Laos encompasses a total of 236,800 square kilometers with the terrain characterized by three distinct regions – mountains, plateaus, and plains. The mountains and plateaus make up three-quarters of the total area.
High mountains rising to an average height of 1,500 meters dominate the Northern region. The three highest mountains in the country are all located in the Phou Ane Plateau in Xieng Khouang Province. They are Phou Bia at 2,820 meters, Phou Xao at 2,690 meters and Phou Xamxum at 2,620 meters. The Phou Luang (Annamite Range) stretches from Southeast on the Phouane Plateau down to the Cambodian border; the others are the Nakai Plateau in Khammouane Province and the Bolaven Plateau in Southern Laos, which is over 1,000 meters above sea level.
The plain region consists of large and small plain areas distributed along the Mekong River. The Vientiane Plain, the largest, is situated on the lower reaches of the Nam Ngum River. The Savannakhet Plain is situated on the lower reaches of the Sebangfai River and Sebanghieng River, while the Champasack Plain on the Mekong River stretches out to the Thai and Cambodian borders. Blessed with rich and fertile soil, these plains represent one quarter of the total area known as the granaries of the country.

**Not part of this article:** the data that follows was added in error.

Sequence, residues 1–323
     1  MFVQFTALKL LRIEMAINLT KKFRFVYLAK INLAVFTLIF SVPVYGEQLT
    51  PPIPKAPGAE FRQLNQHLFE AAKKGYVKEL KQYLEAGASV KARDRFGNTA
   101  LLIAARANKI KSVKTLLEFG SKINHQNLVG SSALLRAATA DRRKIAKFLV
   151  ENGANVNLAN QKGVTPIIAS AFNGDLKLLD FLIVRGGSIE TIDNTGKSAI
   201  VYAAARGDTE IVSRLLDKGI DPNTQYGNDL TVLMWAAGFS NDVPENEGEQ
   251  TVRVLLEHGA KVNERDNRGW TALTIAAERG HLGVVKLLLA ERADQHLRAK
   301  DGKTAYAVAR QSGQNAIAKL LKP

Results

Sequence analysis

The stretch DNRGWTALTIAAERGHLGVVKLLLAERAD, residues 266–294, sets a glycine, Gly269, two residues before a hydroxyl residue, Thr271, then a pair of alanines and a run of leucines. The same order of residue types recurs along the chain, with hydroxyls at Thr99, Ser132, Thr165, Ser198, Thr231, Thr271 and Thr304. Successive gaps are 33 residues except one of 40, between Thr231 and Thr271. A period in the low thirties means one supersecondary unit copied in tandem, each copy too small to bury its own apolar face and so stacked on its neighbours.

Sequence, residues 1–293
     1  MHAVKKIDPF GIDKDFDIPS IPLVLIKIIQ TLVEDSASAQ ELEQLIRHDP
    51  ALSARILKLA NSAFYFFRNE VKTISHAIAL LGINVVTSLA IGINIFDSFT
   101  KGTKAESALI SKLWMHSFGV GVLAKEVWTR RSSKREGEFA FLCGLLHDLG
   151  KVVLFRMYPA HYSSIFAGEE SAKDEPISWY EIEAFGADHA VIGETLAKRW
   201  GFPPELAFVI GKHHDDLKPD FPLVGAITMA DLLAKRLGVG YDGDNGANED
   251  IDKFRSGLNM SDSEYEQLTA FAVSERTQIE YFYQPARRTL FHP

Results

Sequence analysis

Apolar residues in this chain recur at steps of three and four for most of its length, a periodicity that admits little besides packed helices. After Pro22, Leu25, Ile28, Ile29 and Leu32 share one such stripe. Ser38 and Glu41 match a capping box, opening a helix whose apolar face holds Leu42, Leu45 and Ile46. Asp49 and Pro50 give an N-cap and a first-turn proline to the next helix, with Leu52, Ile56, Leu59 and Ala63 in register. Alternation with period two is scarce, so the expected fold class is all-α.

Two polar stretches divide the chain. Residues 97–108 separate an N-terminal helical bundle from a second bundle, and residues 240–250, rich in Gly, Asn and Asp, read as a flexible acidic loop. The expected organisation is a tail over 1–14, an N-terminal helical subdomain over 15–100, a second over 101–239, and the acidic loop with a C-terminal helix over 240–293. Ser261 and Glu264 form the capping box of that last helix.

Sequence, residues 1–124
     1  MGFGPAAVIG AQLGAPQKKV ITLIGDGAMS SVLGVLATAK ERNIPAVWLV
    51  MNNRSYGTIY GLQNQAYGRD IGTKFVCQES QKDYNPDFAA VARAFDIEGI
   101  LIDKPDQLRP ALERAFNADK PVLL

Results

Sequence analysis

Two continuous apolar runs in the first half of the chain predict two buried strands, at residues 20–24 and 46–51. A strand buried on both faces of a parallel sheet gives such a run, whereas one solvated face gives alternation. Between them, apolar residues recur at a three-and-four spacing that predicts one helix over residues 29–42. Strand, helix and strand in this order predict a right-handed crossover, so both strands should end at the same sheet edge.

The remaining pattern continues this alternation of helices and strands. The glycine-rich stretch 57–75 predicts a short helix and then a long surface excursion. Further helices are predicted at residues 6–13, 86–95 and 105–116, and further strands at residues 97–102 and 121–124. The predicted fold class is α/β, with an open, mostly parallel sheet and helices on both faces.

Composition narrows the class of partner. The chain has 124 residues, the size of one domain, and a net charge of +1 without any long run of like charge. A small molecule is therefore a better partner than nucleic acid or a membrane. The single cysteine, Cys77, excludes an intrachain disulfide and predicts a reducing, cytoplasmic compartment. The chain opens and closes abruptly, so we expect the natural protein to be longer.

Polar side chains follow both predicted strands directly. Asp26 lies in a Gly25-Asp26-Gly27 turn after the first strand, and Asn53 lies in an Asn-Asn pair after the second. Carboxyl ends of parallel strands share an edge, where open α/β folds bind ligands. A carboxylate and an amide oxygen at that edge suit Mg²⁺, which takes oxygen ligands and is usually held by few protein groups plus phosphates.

The Lao PDR is criss-crossed with a myriad of rivers and streams. The largest is the Mekong River, flowing for 1,898 kilometers from the North to the South, with 919 kilometers of the river forming the major portion of the border with Thailand. It is estimated that some 60% of all the water entering the Mekong River system originates in Laos. These rivers and streams provide great potential for hydropower development with 51% of the power potential in the lower Mekong basin contained within Laos.
PEOPLE & POPULATION
– Population: 6.5 million.
– Density: 23 people/square kilometer.
– The population consists of 49 ethnic groups, in 4 main linguistic.
- The Lao-Tai Family includes 08 ethnic groups: Lao, Phouthai, Tai, Lue, Gnouane, Young, Saek and Thai Neua.